Prepare for new things

Prepare for new things

“As you look back over the story of your own life, or the life of your family, community or nation, where do you see the desire for renewal manifesting itself?” So asks retreat director and author Margaret Silf in her recent book The Other Side of Chaos. It is a good question at any time but especially at significant milestones that invite deep reflection and the resetting of direction … like anniversaries!

I have recently been privileged to participate in anniversary celebrations around the Synod: Marrickville Congregation’s 140th, UnitingCare Burnside’s Centenary, Braidwood Uniting Church’s 150th, Kinross Wolaroi School’s 125th, and Scone Uniting Church’s 150th.

The challenge to these and other unique expressions of our diverse Uniting Church is to discover the new and risky paths to which God is calling them, hopefully inspired by the ethos of our church, which is briefly but well described as inclusive, courageous and generous.

Some helpful insights in how to achieve this discernment were provided at the recent National Ministry Conference in Adelaide.

On the theme of Fresh Expressions, Jenny Tymms spoke of the three vital phases that lead to new and creative mission. There are endings, an in-between or liminal phase, and the new beginning itself.

One of the key insights that Jenny provided was that we need to first deal with endings.

Fresh expressions of ministry are best discerned when we have laid down the baggage of the past and have done our grieving. We then need the faith and patience to endure the in-between phase where God’s Spirit prepares us for new things, just as God prepared the Israelites for the Promised Land with an experience of the Wilderness.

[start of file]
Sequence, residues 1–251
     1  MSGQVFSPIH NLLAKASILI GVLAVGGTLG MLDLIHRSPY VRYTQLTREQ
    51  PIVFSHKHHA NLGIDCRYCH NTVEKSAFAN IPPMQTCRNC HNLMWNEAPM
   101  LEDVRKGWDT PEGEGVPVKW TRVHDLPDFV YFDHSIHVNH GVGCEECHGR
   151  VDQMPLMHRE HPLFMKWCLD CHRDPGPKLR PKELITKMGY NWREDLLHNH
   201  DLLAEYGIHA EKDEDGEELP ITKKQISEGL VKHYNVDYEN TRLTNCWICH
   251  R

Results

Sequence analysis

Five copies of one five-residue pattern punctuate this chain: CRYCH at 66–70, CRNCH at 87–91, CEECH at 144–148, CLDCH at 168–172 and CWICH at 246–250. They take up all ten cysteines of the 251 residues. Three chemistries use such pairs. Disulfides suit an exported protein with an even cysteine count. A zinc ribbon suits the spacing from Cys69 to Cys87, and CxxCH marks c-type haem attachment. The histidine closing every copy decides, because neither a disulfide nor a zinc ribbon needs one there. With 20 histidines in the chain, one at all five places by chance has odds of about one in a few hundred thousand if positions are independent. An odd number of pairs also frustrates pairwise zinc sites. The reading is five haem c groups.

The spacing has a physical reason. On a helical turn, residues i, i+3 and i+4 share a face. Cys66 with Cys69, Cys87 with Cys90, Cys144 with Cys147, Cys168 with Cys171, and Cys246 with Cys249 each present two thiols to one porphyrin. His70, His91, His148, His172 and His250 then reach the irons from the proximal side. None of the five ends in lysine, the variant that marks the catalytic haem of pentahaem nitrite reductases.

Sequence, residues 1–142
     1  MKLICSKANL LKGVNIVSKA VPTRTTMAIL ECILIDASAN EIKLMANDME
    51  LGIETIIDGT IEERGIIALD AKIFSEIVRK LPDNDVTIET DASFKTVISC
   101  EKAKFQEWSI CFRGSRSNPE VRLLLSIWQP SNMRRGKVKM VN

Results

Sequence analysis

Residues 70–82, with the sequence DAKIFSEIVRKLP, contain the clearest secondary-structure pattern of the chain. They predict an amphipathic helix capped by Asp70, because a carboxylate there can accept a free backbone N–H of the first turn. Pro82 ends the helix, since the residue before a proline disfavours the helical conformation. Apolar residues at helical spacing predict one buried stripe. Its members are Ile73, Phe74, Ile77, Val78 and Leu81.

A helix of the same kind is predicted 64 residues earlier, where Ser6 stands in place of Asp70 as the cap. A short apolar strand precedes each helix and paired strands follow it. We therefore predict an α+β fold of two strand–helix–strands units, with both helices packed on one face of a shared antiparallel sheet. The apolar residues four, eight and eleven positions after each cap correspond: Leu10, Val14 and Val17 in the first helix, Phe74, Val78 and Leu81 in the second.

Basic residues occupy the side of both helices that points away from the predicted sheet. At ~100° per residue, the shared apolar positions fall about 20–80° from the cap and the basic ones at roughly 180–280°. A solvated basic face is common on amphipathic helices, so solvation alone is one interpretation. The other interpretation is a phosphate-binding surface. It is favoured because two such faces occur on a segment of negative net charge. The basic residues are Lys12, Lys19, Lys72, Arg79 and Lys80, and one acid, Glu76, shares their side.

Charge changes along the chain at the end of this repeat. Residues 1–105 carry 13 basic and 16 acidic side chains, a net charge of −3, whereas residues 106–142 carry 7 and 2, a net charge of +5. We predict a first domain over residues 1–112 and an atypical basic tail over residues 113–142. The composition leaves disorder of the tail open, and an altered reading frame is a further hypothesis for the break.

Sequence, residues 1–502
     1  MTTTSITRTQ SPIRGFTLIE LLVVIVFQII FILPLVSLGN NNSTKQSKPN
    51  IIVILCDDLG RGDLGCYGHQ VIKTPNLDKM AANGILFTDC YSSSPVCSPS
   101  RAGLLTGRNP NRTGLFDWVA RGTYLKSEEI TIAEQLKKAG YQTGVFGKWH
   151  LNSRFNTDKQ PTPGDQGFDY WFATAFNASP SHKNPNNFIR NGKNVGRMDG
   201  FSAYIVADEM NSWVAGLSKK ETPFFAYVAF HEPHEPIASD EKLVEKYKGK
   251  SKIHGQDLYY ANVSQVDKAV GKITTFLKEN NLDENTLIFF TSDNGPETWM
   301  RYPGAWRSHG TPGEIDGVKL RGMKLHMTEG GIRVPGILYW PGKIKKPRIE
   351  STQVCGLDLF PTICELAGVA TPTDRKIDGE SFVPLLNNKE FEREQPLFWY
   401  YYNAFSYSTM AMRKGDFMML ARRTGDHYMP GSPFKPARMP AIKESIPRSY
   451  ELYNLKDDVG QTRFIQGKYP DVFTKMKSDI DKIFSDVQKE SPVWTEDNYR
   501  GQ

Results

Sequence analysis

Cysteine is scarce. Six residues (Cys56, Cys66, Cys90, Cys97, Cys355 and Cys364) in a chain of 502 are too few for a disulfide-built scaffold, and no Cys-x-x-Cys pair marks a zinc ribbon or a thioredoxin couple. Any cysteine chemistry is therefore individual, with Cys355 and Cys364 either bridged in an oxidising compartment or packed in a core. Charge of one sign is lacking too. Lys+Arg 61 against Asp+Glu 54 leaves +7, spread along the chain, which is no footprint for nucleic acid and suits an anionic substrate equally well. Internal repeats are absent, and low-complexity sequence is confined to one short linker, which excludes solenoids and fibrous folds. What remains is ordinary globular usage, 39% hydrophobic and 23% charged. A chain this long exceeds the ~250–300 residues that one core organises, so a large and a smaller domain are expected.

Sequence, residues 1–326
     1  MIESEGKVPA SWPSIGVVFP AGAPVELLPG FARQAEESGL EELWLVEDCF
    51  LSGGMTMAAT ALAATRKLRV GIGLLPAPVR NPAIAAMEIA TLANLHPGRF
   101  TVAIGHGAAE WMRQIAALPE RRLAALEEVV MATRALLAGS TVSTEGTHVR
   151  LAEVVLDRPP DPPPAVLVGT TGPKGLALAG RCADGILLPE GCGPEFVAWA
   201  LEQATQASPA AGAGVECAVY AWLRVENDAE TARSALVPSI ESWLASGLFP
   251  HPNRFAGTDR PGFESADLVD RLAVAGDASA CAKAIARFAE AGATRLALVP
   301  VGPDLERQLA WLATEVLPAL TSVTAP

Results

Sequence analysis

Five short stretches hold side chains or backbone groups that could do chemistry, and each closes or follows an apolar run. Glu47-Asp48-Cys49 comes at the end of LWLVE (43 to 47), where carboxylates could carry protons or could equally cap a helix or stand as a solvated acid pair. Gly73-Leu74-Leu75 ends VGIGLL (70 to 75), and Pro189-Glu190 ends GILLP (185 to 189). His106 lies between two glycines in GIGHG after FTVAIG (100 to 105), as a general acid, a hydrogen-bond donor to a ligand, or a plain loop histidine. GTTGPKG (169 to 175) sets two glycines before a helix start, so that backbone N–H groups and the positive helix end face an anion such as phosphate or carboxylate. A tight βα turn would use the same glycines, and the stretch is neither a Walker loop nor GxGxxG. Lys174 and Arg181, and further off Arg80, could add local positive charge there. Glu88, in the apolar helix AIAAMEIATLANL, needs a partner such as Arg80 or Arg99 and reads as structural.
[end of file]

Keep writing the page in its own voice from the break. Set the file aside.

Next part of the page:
That includes spending time in prayer and reflection to refine our spirits to welcome and engage with what is new. Jesus said it succinctly: you cannot put new wine into old wineskins.

Christmas is also an anniversary and Advent provides an opportunity to reflect and prepare for new things, of which the birth of Jesus Christ is the ultimate “Fresh Expression”.

What the Israelite people first had to let go of (and of course some never did) was their expectation of and dependence on a powerful leader like David who would restore their fortunes as a nation by armed force.

Matthew’s Gospel especially describes the liminal ordeal of Elizabeth and Zechariah, Joseph and Mary as they are prepared for something really new and different: the incarnation of the One who was to engage with the community as a guest and a servant in order to achieve the transformation of humanity.

It might well benefit the church and, in fact, the community itself if we are able to again consider what it means to let go of the fading hope of being at the powerful centre, where we can dictate to society what it should and should not do.

Rather, what does it mean for us today to be in the community as servants and guests in such a way that fresh expressions of mission arise from the interaction?

Margaret Silf continues: “How can you cooperate in your own way, using your own gifts, with this recreating Spirit?”

The anniversary stories and many others that I have heard recently affirm that, in many ways and many places, we are indeed willing to seek and walk the new and risky paths of renewal, growth and transformation.

The Rev. Dr Brian Brown, Moderator


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